A few years ago, I was sitting in a meeting when a latecomer burst into the room. After apologizing for his tardiness, he explained that all but one lane on the highway had been blocked off and he’d been stuck behind a car that was going so slowly they were holding up traffic. He recounted how he’d laid on his horn but stopped as soon as he saw that it wasn’t doing any good. Instead, he took a deep breath and said, “Bless them, change me!”
After we broke for lunch, I asked him what exactly he meant by that. He explained to me that after years of often losing control when confronted by people not behaving as he wanted them to, he was taught to just accept them and the situation, even if they were wrong, and to ask God to bless them. At the same time, he was told to ask that he be changed in such a way as to make this possible.
In the time since then, when I’ve observed people behaving badly or I find myself all in a huff about some slight done to me, I remember this adage and say out loud, “Bless them, change me.” I always get immediate relief, which then allows me to step back from the situation, thus giving me the opportunity to evaluate what’s going on.
Usually, when I find myself starting to judge others for their behavior, it leads me to wanting them to be discovered and somehow punished for their transgression. I distance myself from them and make them out to be less than human.
Some acts are indeed wrong or hurtful and a person committing them needs to be taken to task for them. If they are illegal and someone’s been harmed, the perpetrator needs to pay the consequences. However, what I’m talking about is just the day-to-day bad behavior and annoyances caused by thoughtless people.
But who am I to judge others? I don’t know what’s going on with them. I don’t know what factors have led them to behave as they are in that moment.
In the Christian Gospels, Jesus is quoted as saying, “Love your enemies, bless them that curse you, do good to them that hate you, and pray for them which despitefully use you, and persecute you.”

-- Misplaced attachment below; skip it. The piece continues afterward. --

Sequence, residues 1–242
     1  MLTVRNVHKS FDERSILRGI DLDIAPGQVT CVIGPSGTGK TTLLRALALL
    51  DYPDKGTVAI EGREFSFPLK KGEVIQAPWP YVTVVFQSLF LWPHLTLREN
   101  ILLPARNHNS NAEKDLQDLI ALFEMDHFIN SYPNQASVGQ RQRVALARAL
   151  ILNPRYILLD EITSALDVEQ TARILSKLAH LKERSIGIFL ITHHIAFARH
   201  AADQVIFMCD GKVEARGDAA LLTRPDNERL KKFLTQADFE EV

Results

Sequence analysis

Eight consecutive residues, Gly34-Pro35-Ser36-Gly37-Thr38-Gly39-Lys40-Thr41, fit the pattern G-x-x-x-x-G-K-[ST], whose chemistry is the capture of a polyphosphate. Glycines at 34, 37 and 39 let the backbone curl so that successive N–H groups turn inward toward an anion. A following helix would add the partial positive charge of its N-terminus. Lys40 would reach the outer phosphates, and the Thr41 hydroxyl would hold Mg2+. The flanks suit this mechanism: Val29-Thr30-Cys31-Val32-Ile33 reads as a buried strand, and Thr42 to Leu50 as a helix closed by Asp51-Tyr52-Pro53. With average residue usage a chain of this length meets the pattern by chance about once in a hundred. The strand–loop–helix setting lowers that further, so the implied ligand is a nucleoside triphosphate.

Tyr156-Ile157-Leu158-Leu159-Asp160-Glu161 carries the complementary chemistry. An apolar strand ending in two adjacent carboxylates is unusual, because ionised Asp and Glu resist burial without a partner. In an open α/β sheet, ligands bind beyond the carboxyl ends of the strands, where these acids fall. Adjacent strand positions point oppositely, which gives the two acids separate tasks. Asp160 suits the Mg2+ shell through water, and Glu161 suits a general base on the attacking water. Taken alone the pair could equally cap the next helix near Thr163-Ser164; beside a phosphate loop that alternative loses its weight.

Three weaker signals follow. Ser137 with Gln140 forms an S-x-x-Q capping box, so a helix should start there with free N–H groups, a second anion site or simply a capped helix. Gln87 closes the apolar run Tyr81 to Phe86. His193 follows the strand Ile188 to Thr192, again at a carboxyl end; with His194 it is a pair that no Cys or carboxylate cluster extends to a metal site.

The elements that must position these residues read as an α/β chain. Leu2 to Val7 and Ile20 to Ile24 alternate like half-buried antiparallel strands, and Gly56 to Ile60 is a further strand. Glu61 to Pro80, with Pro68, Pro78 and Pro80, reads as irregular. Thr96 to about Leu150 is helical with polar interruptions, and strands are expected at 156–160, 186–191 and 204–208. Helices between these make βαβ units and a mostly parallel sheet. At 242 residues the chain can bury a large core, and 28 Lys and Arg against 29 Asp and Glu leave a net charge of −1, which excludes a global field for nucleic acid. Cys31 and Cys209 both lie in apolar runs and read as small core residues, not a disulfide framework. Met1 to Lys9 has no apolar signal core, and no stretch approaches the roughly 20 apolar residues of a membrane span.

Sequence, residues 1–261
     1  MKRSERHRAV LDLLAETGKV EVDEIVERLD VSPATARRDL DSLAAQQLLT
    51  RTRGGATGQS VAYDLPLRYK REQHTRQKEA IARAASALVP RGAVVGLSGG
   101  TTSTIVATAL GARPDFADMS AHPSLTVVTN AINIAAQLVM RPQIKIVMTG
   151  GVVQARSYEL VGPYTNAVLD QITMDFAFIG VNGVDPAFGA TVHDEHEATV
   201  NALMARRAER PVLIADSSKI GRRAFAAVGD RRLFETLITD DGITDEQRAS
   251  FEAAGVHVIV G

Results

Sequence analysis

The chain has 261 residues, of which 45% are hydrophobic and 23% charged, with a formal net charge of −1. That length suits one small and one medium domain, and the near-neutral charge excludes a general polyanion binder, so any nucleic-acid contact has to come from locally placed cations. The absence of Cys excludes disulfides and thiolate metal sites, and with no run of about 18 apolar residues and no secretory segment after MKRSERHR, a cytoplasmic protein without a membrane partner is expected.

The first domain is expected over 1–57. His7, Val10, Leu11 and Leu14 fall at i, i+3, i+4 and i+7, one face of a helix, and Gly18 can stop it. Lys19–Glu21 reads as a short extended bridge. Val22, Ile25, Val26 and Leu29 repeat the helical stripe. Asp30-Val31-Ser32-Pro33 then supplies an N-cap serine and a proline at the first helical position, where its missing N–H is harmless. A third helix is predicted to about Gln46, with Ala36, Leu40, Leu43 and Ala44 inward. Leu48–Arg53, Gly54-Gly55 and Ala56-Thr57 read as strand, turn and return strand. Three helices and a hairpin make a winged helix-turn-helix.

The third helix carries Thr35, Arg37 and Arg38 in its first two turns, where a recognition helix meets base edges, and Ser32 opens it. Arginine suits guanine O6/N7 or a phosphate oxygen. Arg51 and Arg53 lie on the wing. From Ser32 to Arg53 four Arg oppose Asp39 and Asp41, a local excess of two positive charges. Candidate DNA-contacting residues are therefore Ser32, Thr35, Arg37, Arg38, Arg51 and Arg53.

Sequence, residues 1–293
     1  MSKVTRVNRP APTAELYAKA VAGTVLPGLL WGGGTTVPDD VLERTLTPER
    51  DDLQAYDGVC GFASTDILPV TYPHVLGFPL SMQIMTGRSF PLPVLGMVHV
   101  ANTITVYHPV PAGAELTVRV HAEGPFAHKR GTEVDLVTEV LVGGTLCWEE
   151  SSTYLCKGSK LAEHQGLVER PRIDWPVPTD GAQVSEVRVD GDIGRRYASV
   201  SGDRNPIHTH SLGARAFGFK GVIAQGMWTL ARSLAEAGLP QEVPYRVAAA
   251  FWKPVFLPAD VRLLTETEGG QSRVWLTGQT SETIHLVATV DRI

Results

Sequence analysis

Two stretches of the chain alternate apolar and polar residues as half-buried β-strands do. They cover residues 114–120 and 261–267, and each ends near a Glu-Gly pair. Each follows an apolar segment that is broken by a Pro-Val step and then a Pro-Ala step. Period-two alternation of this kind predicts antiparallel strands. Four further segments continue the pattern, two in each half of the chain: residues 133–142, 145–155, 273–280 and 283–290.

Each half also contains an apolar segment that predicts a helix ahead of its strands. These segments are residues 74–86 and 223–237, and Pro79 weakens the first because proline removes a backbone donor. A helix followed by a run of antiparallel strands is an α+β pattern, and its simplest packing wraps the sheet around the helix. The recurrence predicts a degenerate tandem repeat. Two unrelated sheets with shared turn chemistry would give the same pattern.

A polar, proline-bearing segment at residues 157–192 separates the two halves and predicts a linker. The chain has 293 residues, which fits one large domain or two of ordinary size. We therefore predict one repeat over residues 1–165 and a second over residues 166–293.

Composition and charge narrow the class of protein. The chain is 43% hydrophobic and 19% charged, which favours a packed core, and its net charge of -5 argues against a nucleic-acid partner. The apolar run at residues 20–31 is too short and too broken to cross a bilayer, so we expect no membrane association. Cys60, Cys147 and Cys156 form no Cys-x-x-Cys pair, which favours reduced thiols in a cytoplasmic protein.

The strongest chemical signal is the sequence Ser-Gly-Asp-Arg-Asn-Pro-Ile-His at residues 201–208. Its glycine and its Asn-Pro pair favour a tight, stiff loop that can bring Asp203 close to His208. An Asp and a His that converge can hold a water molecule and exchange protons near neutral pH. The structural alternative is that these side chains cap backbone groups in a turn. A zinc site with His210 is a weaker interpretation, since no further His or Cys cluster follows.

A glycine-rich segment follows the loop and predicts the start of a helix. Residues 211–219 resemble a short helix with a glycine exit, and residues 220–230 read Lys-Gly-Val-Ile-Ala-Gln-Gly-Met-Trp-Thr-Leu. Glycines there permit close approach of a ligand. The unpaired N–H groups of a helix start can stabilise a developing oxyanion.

In the Dhammapada, a collection of sayings of the Buddha, it is written that hatreds do not ever cease in this world by hating, but by love, and that we should overcome anger by love, overcome evil by good.
The Hebrew Bible has many instances of the bestowing of blessings upon others as an act of mercy. In Deuteronomy, the Torah imagines God saying, “I put before you the blessing and the curse, life and death; therefore, choose life, that you may live.” God is equating curses with death and blessings with life. Bless and live!
In the Black Christian community, one often hears, “Blessing is a blessing.” What is meant by this is that through the act of blessing others we, ourselves, receive a blessing.
It is hard for us to accept the fact that, often, we are powerless to change other people. The only thing we can change is ourselves. But, how, exactly, do we do that?
In her book, The Myth of Closure, therapist and researcher Pauline Boss writes: “… the only window for change lies in our perception … once we realize we have the power to shift our view, we’re able to adjust it to one that is less laden with guilt, anger, or the need for revenge.”
There it is, then. We can change how we look at things, how it is we perceive what has happened. People of faith can ask the Divine Source to do that for us, to help us be less reactive. All of us, believers and nonbelievers alike, can use whatever resources available to help us learn to perceive things differently and to find the ability to change our response to those things.
I will always be grateful to the young man who shared with me how he transformed his anger and impatience into a blessing, and in the process, changed himself.
This essay appears in the Summer, 2022 edition of 3rd Act Magazine